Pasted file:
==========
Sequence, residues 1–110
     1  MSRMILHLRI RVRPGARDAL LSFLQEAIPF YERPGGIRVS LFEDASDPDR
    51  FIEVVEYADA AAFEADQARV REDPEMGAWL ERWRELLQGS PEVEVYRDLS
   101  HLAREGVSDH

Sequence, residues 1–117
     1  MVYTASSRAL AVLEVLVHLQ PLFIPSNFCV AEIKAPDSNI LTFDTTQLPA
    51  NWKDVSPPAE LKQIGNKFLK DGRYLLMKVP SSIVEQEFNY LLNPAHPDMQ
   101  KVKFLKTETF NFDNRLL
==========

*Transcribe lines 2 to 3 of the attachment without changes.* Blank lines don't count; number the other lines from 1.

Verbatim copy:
     1  MSRMILHLRI RVRPGARDAL LSFLQEAIPF YERPGGIRVS LFEDASDPDR
    51  FIEVVEYADA AAFEADQARV REDPEMGAWL ERWRELLQGS PEVEVYRDLS